A summary of what's new, what's news, and what's just darn funny.
TIME FOR A WHUPPIN'
It seems that somebody at the Undergraduate Council has been watching a little too much "NYPD Blue."
In a May 19 letter to Dean of the College L. Fred Jewett '57, council secretary Brandon C. Gregoire '95 made an official request for the College to pursue Administrative board action against two Crimson executives, a reporter and council gadfly Anjalee C. Davis '96.
The crime? Davis and reporter Todd F. Braunstein '97 entered the council's Canaday Hall offices earlier this month when no one else was there, moved an envelope about six inches and had a photographer take a picture of it.
(According to Gregoire, the duo was deviously determined to "incriminate the [council] for negligence and ...create an ideal photograph for...surreptitious and malicious ends.")
The charge? Against Davis and reporter Todd F. Braunstein '97: "unauthorized trespassing and tampering with [council] property." And against Crimson President Marion B. Gammill '95 and Managing Editor Joe Mathews '95 [for their "complicity in this plot"): "conspiracy to trespassing."
This request for Ad Board action is ridiculous. Members of the Ad Board are sissies. Wimps! The last time they really punished anybody was--well, we can't even remember the last time they handed down a decent punishment.
Heck, when Ted Kennedy had a friend of his take his final exam, the College only made him take off two years. Big whoop!
Aside from some concern for Gregoire's penchant for paranoid hyperbole, we at Dartboard support efforts to prosecute our fellow Crimson editors to the fullest extent of the law. As part of our continuing effort to serve the community, we checked with the state Attorney General's office to see what kind of jail terms these criminals might be facing.
Sadly, neither tampering with Undergraduate Council property nor conspiracy to trespassing are addressed by the Massachusetts criminal code.
Looks like Gammill and Mathews got away this time.
As for Braunstein and Davis, we think they could be nailed under Massachusetts General Law 266, section 120: "Entry Upon Private Property after being Forbidden as Trespass." The penalty, if convicted: a maximum $100 fine, or imprisonment for 30 days, or both.
Well, it's better than noting. Still we were hoping for a good, old-fashioned, Singapore-style caning.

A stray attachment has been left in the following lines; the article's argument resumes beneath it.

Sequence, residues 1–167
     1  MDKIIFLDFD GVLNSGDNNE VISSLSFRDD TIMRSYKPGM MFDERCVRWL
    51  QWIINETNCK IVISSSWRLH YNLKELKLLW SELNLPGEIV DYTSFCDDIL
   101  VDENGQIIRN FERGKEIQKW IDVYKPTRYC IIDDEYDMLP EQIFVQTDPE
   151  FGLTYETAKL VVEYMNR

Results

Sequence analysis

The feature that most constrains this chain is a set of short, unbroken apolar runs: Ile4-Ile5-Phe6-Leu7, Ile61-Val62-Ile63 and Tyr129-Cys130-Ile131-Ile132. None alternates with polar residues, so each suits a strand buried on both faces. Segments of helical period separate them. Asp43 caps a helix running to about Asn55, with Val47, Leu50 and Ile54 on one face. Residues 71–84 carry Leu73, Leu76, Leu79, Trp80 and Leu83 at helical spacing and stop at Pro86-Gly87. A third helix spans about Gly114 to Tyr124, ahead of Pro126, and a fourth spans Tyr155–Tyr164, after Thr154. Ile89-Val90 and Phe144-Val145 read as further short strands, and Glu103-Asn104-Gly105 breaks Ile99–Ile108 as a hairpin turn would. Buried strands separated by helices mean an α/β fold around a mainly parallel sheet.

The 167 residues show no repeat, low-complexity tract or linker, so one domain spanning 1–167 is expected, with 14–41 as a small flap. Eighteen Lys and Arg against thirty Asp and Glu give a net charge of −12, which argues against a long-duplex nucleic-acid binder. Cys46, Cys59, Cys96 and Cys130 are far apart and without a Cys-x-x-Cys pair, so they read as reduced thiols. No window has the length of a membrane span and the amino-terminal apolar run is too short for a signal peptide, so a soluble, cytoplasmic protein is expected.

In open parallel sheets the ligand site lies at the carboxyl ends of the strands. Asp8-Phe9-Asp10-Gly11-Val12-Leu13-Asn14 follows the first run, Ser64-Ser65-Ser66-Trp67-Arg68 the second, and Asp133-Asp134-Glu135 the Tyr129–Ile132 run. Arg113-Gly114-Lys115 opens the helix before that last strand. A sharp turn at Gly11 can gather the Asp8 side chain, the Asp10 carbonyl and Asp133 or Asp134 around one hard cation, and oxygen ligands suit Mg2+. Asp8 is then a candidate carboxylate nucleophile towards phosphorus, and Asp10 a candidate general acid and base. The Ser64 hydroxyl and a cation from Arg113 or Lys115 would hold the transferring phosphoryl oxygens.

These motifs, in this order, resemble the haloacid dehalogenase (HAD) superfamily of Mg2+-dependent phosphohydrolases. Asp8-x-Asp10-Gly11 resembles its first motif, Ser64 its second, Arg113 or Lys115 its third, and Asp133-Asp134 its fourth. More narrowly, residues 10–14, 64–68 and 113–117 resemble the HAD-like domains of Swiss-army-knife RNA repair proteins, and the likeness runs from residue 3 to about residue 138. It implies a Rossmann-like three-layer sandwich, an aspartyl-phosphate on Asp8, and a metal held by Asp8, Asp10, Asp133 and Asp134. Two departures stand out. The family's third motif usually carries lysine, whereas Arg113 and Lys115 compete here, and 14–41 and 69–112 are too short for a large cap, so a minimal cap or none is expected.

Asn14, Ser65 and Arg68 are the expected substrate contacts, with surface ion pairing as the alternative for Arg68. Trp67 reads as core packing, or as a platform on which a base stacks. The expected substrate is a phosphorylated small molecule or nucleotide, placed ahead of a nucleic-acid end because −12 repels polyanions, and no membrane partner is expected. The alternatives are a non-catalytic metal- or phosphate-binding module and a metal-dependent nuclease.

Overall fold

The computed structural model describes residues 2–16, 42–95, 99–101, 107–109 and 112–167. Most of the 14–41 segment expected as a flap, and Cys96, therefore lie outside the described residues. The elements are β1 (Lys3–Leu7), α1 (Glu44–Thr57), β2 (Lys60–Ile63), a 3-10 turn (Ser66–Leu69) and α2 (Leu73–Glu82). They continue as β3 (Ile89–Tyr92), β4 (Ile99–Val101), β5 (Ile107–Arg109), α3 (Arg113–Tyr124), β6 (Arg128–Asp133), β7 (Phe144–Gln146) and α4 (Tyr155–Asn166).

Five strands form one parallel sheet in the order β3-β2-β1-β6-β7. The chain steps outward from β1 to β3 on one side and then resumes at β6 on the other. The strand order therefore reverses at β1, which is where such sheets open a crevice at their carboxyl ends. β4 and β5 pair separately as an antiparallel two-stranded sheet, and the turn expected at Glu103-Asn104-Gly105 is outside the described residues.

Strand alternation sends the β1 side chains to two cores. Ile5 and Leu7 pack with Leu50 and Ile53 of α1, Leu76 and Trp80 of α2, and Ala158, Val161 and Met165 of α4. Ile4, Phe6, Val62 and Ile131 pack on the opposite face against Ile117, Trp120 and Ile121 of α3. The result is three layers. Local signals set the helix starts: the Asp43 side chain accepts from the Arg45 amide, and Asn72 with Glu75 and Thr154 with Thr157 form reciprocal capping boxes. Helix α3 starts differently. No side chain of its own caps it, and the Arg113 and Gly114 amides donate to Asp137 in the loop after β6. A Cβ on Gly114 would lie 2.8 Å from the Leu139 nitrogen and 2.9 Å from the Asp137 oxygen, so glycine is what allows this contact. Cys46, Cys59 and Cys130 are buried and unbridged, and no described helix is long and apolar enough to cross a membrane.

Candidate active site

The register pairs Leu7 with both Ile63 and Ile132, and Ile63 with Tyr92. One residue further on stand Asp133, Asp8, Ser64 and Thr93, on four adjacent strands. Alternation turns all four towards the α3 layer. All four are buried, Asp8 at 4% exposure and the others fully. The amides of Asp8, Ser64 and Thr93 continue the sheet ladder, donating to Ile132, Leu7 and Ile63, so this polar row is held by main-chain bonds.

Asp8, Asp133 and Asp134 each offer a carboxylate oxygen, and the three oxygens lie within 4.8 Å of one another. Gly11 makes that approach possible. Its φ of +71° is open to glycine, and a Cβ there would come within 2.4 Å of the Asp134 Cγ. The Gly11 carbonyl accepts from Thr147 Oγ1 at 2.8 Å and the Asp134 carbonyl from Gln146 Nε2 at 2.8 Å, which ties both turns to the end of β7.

If you thought the concept of Generation X was a bonanza for pop social scientists and lazy "introspective" editorial writers, you thought too soon. Douglas Coupland's much ballyhood and much misinterpreted miscategorization now has its very own beverage. It is called, in a bit of understatement worthy of the most ardent slacker, "OK" Cola.
The can is as radical a departure from traditional cola packaging as Generation X is from the Baby Boom. It features a deliberately rather plain font of "OK" against a white background with a narrow red border; a sloppily drawn oval-headed fellow looks out quizzically from in front of a wall and a little box of a house capped with an aerial. The rather casual shabbiness of "OK" is a shameless bit of pandering to the idea of Generation X; evidently we are so fed up with the kaleidescopic self-promotion and colorful hype of Pepsi and Coke that we are helplessly susceptible to the soft-pedal.
In an attempt at striking the distanced ironic pose that cultural commentators seem convinced is a hall mark of this mysterious generation, OK touts itself in small letters as "a carbonated 'beverage,'" with the last word in quotes--the hipsters who make "OK," one assumes, are too cool to use that technical word with a straight face. The slogan completes the pitch--no hi-strung shrill jingos here--"Everything is going to be OK."
And what does the stuff taste like? Some say "somewhere between Pepsi and Sprite." Others: "a cross of Sunkist and Tab." The etymylogically inclined: "about halfway between 'good' and 'bad'"
The general consensus? "OK" was, well, OK.
But then, just as suddenly as this bubbly abberation landed in Cambridge, the spell was broken. "OK" was promoted by a prime-time television commercial blitz. Is this low key? Would Douglas Coupland approve? Doesn't this undercut the whole idea of Generation X Cola? Yes.
But we shouldn't have been too surprised. After all, do you know who makes the stuff? Coca-Cola, of course.
This changed things somewhat. The little oval-headed man was no longer a quirky symbol of non-conformity, but a poorly drawn stand in for Coca-Cola's stable of cardboard cut-out super-star shills. And the once appealing casualness of "OK" marketing? Just another calculated effort at cultural hegemony that we overeducated, undermotivated Generation X-ers are supposed to so delight in detecting.
Everything OK? We don't think so!